God’s Conduct

Romans 12, at first glance, can seem like a sudden change of subject from the high theologizing of the first 11 chapters. As Paul turns from explaining the gospel, to exhorting his Roman readers, even his writing style shifts from longer sentences and complex arguments to brief commands in a more straightforward diction.

But he is not really changing the subject. In fact, all of the commands he gives flow from the teaching he has just done. Any number of good commentaries can help you trace the connection, and any expositor who asks what 12:1′s “therefore” is there for is likely to come up with good answers.

Robert Candlish (1806-1873)’s book on Romans 12 is especially eloquent about the link. In fact, the whole book is a sustained meditation showing “how thoroughly the ethics of the Gospel are impregnated with the spirit of its theology.” From the point of view of the ethical commands of the final chapters, Candlish looks back on the doctrinal section and re-describes it as a study in God’s behavior towards us. We have been studying, for 11 chapters, how God behaves. Now we turn to the question of our own behavior, and Paul shows how it ought to be shaped by God’s. Candlish says:

Man’s right conduct, in all the relations in which he is placed, consists essentially in his knowing, and believing, and sympathizing with what may be called the conduct of God. Man feels and acts rightly just in proportion as he understands, by divine teaching, how God himself feels and acts in his great plan of saving mercy.

It’s not enough to say “God is nice, so I should be nice.” Candlish emphasizes the particularity, the details, of God’s conduct, and our need for close study of this “divine teaching.” A person acts rightly “just in proportion as he understands” God’s acts and even God’s feelings. Nor is the main task reducible to an intellectual one, because Candlish insists that we must do 3 things: Know it, believe it, and sympathize with it. This is enough to make you want to re-read Romans 1-11 more carefully before going on to chapters 12-16, and that’s the basic idea. In fact, Candlish crams as much of the doctrinal content of Romans as he can into each sentence as he moves forward to the ethics:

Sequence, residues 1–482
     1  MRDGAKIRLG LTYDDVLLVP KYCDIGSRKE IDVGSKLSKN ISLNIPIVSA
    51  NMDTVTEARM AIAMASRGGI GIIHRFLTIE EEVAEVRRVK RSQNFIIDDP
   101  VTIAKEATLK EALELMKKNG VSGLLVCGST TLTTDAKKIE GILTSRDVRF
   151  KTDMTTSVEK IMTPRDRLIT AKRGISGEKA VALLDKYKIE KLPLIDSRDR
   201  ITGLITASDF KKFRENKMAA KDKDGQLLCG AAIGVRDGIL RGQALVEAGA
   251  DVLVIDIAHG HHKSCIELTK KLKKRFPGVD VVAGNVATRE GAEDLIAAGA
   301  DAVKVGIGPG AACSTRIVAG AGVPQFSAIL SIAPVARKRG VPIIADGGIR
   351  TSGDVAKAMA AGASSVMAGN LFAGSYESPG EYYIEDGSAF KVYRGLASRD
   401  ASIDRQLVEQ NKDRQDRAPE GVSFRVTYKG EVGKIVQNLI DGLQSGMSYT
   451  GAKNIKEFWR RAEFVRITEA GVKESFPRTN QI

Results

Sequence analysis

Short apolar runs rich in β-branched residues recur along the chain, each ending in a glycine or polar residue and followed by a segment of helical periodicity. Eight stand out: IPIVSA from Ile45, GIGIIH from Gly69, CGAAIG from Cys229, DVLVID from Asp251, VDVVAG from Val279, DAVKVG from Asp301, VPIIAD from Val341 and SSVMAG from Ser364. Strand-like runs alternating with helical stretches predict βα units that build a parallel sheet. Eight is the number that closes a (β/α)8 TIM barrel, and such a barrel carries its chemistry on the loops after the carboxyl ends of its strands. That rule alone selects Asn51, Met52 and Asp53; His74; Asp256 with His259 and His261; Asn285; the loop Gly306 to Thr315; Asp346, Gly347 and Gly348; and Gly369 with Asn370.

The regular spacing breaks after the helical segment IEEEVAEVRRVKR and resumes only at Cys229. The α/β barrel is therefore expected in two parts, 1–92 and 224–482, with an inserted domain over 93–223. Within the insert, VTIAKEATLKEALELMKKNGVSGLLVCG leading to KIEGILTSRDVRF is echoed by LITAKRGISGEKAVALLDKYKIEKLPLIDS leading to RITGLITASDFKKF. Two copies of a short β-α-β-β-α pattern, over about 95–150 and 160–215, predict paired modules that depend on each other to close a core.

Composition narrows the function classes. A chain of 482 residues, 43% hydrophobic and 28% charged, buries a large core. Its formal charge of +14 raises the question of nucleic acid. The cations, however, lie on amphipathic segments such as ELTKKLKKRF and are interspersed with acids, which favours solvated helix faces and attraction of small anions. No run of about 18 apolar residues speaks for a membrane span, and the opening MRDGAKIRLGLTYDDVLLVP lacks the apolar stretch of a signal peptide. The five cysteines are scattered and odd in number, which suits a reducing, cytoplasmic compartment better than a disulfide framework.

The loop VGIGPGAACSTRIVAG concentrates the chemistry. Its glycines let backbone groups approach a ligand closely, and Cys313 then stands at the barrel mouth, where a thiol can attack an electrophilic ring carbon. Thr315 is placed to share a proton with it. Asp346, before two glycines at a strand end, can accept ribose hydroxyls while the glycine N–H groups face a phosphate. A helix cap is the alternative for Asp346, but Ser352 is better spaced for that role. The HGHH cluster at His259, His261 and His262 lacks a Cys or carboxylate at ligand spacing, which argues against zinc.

What is required of me is that, on the one hand, I apprehend God’s sovereign grace, in his justification of the unrighteous through faith in the righteousness of his Son, and in his choice and calling of the unworthy and the unwilling according to his own mere good pleasure; and then, on the other hand, that apprehending this sovereign grace as ruling God’s treatment of me, I enter into the spirit of it, and apply it myself to all with whom I have anything to do, for ruling my treatment of them.

Christian conduct is a matter of entering into the spirit of God’s conduct. Insofar as the Spirit makes it possible for us, we are to treat others as God the Father has treated us in Christ. If it can be reduced to a matter of following certain principles, those principles are first and foremost principles of God’s action. We are to pay constant attention to what God has done, comprehend what principles have guided his conduct toward us, and then let those same principles guide us in our conduct toward others.

The proof of this approach is in the details. Read Romans 12 with this in mind (or check out Candlish’s book-length commentary), and watch how Paul dances back and forth between God’s conduct and ours. From the opening image of our offering a sacrifice, to the final verses about withholding our own wrath as we leave room for God’s, Paul situates our conduct inside the more comprehensive reflection on how God has treated us in Christ, whose sacrifice and judgement establish, enable, relativize, and outflank ours.


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